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Monday, February 03, 2020

Clouds in the Hall, Clouds in the Sky

From the Vault Dept.: I mentioned in last Friday’s post the situation that emerged as I took on the post of classical-music reviewer for Albany’s Knickerbocker News. I was already writing for Metroland, the area’s alternative newsweekly (or soon-to-be; it was on the verge of changing its stripes, so to speak), but the Knick News wanted exclusivity. So I spent several months publishing in Metroland under the pseudonym George Gordon (there’s an abstruse connection) until a goofy press person phoned the Knick News “looking for George, or Byron, or whatever he’s calling himself now.” The Knick News editor clutched his pearls and indignantly fired me. This for twenty dollars an article. The paper went under soon under, but I take no credit for its demise. Here’s the first piece of mine that ran in that periodical.


SEVERAL MEMBERS of the Houston Symphony Orchestra were delighted to see the 18 inches of newly fallen snow at the Albany County Airport. They rarely have snow in their home city. Although the weather made local traveling difficult, it did not stop a small but enthusiastic  audience from enjoying the orchestra’s concert Wednesday at Proctor’s Theater in Schenectady.

Sergiu Comissiona
Andre-Michel Schub, soloist in Beethoven’s Piano Concerto No. 2, was the star of the concert. Beethoven wrote the concerto to show off his prowess as a pianist, and with Schub at the keyboard, the work was in good hands.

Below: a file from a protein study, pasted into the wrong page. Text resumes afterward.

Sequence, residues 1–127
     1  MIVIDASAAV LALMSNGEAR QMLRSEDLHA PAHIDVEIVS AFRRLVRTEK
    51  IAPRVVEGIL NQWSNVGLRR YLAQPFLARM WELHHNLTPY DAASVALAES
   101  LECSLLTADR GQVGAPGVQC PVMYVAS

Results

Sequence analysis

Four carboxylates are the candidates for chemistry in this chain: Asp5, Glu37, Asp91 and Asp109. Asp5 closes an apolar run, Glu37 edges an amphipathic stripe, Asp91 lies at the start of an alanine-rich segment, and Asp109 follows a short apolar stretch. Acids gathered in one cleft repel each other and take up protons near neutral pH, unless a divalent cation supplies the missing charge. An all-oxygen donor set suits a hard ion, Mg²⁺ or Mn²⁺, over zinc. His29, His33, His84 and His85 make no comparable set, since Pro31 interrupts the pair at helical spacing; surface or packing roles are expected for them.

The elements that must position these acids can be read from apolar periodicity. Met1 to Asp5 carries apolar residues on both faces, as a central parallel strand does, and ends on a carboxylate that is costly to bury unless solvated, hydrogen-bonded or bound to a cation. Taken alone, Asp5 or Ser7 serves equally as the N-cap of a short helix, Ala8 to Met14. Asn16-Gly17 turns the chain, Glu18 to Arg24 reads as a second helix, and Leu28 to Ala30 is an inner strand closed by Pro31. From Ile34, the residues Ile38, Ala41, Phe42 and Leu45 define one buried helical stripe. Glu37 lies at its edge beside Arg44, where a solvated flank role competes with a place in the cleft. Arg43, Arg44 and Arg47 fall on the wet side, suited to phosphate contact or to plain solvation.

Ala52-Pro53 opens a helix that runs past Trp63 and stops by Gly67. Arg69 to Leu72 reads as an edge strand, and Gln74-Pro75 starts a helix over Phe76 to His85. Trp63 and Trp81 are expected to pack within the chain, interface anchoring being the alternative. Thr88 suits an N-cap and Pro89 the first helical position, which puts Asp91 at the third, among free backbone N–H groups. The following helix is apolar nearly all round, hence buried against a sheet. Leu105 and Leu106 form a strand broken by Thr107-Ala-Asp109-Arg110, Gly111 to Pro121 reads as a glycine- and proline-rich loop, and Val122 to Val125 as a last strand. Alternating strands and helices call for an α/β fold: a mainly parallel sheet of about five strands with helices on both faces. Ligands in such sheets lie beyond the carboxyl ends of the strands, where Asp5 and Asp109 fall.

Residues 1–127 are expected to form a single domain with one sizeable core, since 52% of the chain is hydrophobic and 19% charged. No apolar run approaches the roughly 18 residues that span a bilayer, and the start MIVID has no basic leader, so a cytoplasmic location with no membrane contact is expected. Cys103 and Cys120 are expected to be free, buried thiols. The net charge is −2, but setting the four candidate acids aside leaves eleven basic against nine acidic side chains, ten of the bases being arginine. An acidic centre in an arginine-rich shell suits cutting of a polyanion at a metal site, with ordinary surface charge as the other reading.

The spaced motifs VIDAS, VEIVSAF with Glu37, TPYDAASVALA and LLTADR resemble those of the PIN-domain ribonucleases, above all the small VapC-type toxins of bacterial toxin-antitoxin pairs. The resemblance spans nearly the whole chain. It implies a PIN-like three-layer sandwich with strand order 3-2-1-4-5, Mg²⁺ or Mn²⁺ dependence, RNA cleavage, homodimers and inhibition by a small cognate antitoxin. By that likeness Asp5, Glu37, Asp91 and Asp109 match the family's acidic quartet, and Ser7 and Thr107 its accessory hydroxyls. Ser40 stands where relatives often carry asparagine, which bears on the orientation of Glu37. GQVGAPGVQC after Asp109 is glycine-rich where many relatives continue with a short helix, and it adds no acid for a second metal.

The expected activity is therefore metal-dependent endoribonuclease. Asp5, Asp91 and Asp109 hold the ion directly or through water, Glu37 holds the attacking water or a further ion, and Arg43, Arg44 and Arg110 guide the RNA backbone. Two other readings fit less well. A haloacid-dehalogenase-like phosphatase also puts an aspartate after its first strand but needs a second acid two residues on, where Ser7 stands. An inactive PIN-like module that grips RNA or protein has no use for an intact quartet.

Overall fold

Schub has a startling dynamic control of the keyboard, which he used effectively to bring out the contrasts in the work without giving way to too much storminess. The concerto abounds with humor, which was tastefully handled: The soloist doesn’t always enter when, according to the tradition established by Mozart, he would be expected to; what is set up as a cadenza in the  second movement is interrupted by the orchestra; and the rondo begins with a theme which must rank as one of the silliest Beethoven ever used, sounding like a childish taunt that heralds a brisk workout for soloist and orchestra.

Under the direction of Sergiu Comissiona. the Houston provided superb backing for Schub, with well-matched tempos and dynamics.

The first of two orchestral pieces on the program was “Medea’s Meditation and Dance of Vengeance” by Samuel Barber. Written in 1935, it was based on material Barber used in a suite commissioned for dancer and choreographer Martha Graham. It is about 12 minutes long, building in tension unitl it erupts in fury.

Comissiona wisely emphasized the tension of the piece, making the finale a logical release of that tension rather than allowing it to become chaotic, as can easily happen.

Tchaikovsky’s Symphony No. 1 closed the concert. Tchaikovsky began the piece when he was 26; subsequently, he attempted to downgrade its value. Nevertheless, it is a pleasant, effervescent work, more intimate than his last three, better-known symphonies.

What problems the orchestra had during the evening came out in this part of the program, as occasionally the winds and strings failed to answer one another when a thme was quickly tossed from section to section. The second movement, subtitled “Desolate Land, Land of Mists,” featured a lovely trio of oboe, flute and bassoon; the fourth movement, after a slow, folk-song introduction, gave the full orchestra a chance to shine as Tchaikovsky pulled out all stops in a loud, brassy finale.

The orchestra’s sound was enhanced by the new acoustical clouds Proctor’s has acquired and promises to use for similar concerts.

Albany Knickerbocker News, 17 March 1984

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